Which Joe gave his name to ‘sloppy joes’? We look at five interesting sandwiches and their lexical origins.
A mortgage taken out on a property that is already mortgaged.
- ‘A home equity loan is a second mortgage: You borrow a specific amount, usually at a fixed rate.’
- ‘To pay for it all, Robinson took out a second mortgage on his house and sold some other property he owned.’
- ‘What struck me was the number of people whose home was under threat from a second mortgage or secured loan.’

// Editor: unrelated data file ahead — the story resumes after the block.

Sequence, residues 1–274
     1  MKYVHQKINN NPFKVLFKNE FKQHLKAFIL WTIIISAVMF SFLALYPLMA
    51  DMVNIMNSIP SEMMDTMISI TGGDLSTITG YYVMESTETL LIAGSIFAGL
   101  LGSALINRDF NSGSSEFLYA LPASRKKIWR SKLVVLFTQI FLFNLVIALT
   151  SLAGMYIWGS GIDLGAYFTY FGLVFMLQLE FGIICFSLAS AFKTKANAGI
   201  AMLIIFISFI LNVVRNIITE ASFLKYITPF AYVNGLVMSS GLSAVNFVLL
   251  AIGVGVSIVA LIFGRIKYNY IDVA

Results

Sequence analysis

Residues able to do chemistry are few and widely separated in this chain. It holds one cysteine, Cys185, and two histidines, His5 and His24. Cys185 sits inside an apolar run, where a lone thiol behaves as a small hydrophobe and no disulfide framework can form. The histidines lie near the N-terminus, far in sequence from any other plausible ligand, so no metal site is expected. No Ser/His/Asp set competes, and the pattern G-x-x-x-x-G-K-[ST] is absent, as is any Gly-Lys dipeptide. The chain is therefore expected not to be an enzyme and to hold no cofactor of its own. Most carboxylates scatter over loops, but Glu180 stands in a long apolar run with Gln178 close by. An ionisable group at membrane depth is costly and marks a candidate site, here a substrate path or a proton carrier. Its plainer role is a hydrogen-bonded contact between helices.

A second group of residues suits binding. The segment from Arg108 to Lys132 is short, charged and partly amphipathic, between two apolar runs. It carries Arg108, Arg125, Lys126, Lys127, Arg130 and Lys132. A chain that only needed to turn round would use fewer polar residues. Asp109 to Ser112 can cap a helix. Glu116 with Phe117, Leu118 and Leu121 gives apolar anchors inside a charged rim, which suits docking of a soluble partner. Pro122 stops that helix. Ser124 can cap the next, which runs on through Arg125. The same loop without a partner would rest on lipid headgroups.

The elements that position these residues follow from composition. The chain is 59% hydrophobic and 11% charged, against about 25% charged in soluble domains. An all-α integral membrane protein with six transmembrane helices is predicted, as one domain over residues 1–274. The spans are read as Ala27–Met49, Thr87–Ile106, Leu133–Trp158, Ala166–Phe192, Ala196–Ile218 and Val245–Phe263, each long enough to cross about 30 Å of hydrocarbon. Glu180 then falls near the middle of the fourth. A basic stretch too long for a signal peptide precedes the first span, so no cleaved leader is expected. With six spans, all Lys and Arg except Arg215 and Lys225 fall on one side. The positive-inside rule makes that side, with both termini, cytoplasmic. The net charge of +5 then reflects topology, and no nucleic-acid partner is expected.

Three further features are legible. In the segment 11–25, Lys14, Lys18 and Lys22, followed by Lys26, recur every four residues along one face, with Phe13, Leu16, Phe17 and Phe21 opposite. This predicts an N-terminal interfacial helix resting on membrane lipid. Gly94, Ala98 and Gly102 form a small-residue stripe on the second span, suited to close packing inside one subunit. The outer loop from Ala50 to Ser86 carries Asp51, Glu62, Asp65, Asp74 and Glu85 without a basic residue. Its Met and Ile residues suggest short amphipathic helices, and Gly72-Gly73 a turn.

- ‘Junior loans, such as second mortgages, are wiped out upon foreclosure of any previously established loan.’
- ‘To raise that amount of money, people generally take out second mortgages on their homes or go to friends and relatives.’
- ‘Within minutes, the salesman had persuaded them to take out a second mortgage and pay off their credit cards.’
We take a look at several popular, though confusing, punctuation marks.
From Afghanistan to Zimbabwe, discover surprising and intriguing language facts from around the globe.
The definitions of ‘buddy’ and ‘bro’ in the OED have recently been revised. We explore their history and increase in popularity.